The purpose of the study was to assess, using computer tomography (CT) and magnetic resonance imaging (MRI), the level and volume of peritumoral edema, and to correlate these with the histological WHO classification.



Intracranial meningiomas that were surgically resected from 55 patients (September 1993 to September 1997) were included in this study. All patients had both preoperative computed tomography (CT) and magnetic resonance imaging (MRI) available. Clinical, surgical, pathological, and neuroimaging reports were reviewed in all cases.

Thirty-eighty patients were women and 17 were men, with ages ranging from 9 to 82 years (mean = 49.87 ± 16.80). For histological examination, samples were fixed in formalin and embedded in paraffin. Slides were stained with hematoxylin and eosin, and Masson's trichrome when indicated. Meningiomas were classified according to the WHO classification 5,6 into benign, atypical, and malignant groups. Brain invasion is required for the diagnosis of malignant meningiomas; therefore, if no cortical tissue was present in the examined sections, a diagnosis of malignant meningioma could not be made. In this series, there were 43 benign tumors, 11 atypical tumors, and 1 malignant tumor.

Peritumoral edema in preoperative CT and MR images

Location and size of the tumor as well as extent of the peritumoral edema were determined by preoperative CT and MRI. Regarding the location of the tumors, 20 were in the convexity of the brain, 28 in the parasagittal region and falx, 2 in the sphenoid ridge and cavernous sinus, 3 in the olfactory groove, 1 in the foramen magnum, and 1 adhered to the tentorium. Regarding attachment to the skull base, 49 tumors were supratentorial with no attachment to skull base (group A) and 6 (group B) were attached to the skull base in either the middle or posterior fossa.

The extent of peritumoral edema was determined using brain CT and MRI. Edema was identified either as a hypodense area around the tumor on brain CT images or as a hyperintense signal on a T2-weighted MRI image; the extent of peritumoral edema was graded—0 (GR0 ), 1 (GR1), or 2 (GR 2), 17, 30 where GR0 represents either absence of edema or the presence of a small halo around the tumor; GR1 represents edema extending variably along the tracts of the white matter but without involvement of the whole hemisphere; and GR2 represents holohemispheric or near holohemispheric edema.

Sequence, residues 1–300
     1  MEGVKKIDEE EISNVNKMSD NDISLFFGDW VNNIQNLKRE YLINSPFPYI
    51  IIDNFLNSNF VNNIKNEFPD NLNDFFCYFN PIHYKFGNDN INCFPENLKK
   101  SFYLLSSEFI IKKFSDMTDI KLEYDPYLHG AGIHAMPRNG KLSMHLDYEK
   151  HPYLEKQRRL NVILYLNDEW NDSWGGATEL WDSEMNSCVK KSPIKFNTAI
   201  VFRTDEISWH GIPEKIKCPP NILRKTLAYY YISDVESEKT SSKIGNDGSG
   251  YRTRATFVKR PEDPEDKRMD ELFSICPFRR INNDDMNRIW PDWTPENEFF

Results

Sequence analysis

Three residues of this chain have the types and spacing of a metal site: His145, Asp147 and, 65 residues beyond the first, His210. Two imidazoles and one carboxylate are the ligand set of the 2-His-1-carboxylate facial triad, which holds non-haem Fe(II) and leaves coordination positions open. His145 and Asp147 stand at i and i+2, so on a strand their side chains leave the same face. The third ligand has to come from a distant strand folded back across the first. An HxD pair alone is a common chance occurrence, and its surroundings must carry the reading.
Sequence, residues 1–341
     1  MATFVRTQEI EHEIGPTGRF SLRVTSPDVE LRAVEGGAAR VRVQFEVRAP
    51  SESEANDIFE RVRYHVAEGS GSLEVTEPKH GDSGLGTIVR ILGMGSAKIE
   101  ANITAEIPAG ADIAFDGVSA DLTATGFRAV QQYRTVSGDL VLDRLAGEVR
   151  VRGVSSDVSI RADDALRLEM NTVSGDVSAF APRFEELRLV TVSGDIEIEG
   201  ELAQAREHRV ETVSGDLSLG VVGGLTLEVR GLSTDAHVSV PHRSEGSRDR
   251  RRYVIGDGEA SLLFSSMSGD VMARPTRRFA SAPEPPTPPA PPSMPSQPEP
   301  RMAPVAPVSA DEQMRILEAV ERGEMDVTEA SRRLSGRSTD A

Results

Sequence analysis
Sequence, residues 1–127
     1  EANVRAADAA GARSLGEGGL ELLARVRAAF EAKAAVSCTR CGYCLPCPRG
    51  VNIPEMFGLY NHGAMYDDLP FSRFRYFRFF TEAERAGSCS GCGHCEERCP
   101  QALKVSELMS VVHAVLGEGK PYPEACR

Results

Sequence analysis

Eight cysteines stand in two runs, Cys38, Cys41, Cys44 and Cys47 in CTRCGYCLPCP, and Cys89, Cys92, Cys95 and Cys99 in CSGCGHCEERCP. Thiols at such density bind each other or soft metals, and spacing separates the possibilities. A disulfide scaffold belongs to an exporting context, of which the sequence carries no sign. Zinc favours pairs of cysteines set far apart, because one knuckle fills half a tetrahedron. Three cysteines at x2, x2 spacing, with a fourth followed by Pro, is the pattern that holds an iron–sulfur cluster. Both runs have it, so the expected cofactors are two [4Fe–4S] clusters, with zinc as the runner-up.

Statistical method

Data were entered into a database on a personal computer and analyzed using the statistical software, Statmost. Statistical analysis was performed using the chi-square test to determine the correlation of histological features with the edema level. Statistical significance was declared when P <.05.



Classification of the extent of peritumoral edema was GR0: 28 cases; GR1: 19 cases; GR2: 8 cases.

There was a statistically significant correlation between the histological features and the extent of peritumoral brain edema (P = .0089). In GR0, we found 23 tumors of the benign (B) histological subtype and 5 tumors of the atypical/malignant (A/M) meningioma subtype; in GR1 there were 17 tumors of the B histological subtype and 2 tumors of the A/M meningioma subtype; and in GR3 there were 3 tumors of the B histological subtype and 5 tumors of the A/M meningioma subtype (Table 1). The statistically significant correlation occurred only when the tumors were divided into 2 groups according to the histological subtypes, 1) atypical, malignant meningiomas (A/M) and 2) benign meningiomas (B).




Peritumoral edema is a special problem with meningiomas, with an incidence of about 40% to 78%,10-12 that makes the surgical management of the meningiomas difficult. Significant brain edema may cause severe neurologic deficits and limit the surgical field during the approach. However, in our experience and in that of Ohno et al.,9 the presence of arachnoid in the tumor bed at areas of softened and edematous brain tissue is seldom observed in spite of careful removal of the tumors.

The probable etiologies of peritumoral edema include tumor size, histologic subtypes, vascularity, venous stasis, type of arterial supply, sex hormone receptors, secretory activity, inflammation (lymphocytes and macrophage infiltrates ), or brain invasion.13-26

Macrophage infiltration was found to be correlated with peritumoral edema in 12 of 16 meningiomas studied. 27 Macrophages are known to secrete various substances (including arachidonic acid metabolites) that may interfere with vascular permeability.